The drive from Big Bend to Marfa was voted one of the top ten drives in North America. The road winds along the mountains and below is the Rio Grande, the only color against the rocks. We have seen all sorts of border control vehicles and went through two check points. I think there were more of their cars than the those of the locals. Marfa was interesting. The main attraction is the Chinati Foundation, a WWII fort that houses about a dozen installations that were specifically designed for the abandoned buildings. This was the vision of one man, Donald Judd, one of the "founders" of the Minimalist movement. In addition to visiting the fort, we also saw his home and studio. Inside two giant structures were his early pieces, including what were the inspiration for the 100 boxes. It is rare to see that much work of one artist in one place, to note the progression of his ideas. There is a third tour, with his early work, paintings, which we did not have time to do.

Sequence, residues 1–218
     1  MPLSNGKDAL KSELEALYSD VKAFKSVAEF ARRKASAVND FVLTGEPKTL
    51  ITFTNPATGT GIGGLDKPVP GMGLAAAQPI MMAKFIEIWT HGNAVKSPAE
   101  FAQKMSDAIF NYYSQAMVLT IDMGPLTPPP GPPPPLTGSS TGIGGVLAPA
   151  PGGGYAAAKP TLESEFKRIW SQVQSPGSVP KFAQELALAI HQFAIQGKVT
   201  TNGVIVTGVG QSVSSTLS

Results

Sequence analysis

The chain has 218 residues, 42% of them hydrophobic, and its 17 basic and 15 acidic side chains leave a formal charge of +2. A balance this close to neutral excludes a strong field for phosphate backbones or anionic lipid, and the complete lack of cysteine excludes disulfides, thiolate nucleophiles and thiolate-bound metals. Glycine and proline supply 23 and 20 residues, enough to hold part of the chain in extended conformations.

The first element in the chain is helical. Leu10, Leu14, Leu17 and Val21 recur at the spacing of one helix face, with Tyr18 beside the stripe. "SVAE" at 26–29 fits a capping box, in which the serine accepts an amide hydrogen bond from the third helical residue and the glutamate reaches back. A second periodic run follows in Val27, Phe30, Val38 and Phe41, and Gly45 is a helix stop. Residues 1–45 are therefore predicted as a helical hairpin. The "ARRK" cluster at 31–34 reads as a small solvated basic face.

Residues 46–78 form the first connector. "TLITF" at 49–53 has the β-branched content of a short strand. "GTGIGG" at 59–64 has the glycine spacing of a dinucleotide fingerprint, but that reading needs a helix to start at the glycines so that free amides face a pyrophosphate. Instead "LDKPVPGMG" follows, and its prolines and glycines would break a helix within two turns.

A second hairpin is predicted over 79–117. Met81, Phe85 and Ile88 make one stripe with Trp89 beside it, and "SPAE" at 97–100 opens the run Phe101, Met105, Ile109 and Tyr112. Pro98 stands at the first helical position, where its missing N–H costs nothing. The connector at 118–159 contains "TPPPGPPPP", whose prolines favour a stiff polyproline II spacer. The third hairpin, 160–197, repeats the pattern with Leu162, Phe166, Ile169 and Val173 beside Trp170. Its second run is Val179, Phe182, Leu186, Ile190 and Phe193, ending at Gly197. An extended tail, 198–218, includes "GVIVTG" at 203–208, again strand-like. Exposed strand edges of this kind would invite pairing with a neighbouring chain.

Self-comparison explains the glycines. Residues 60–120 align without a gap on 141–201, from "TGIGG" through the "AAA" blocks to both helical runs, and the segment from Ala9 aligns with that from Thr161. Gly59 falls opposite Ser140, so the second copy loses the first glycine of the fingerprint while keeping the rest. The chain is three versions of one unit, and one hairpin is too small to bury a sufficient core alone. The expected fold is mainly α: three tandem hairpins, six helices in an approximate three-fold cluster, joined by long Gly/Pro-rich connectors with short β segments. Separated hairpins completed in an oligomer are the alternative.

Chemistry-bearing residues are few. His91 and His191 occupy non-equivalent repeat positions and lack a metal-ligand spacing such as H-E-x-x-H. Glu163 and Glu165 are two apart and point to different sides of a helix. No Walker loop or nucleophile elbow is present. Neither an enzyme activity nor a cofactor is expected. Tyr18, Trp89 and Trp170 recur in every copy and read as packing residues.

Marfa's population at its peak was four times the size it is now, so there are lots of abandoned structures. Just as the art is minimalist, so is the town, with very little signage and very little to do. There were lots of artists here until about three years ago, when the economy tanked. I think they are now waiting tables. Marfa is in the middle of nowhere, so it is hard to find folks who are in the area and might also want to buy a painting. It must be a very small group. But we really liked it and the four hour tour of the Foundation was one of the highlights of the trip. Google the foundation because there is not enough space to describe what it is, probably nothing else like it in the art world. Nearby Ft. Davis, where we stayed, has a restored Civil War (what is civil about a war?) era fort which we enjoyed touring. Really well done. I did not remember that Pancho Villa was roaming this area before WWI and there was a lot of fighting around these towns. Ft. Davis was important to the defense.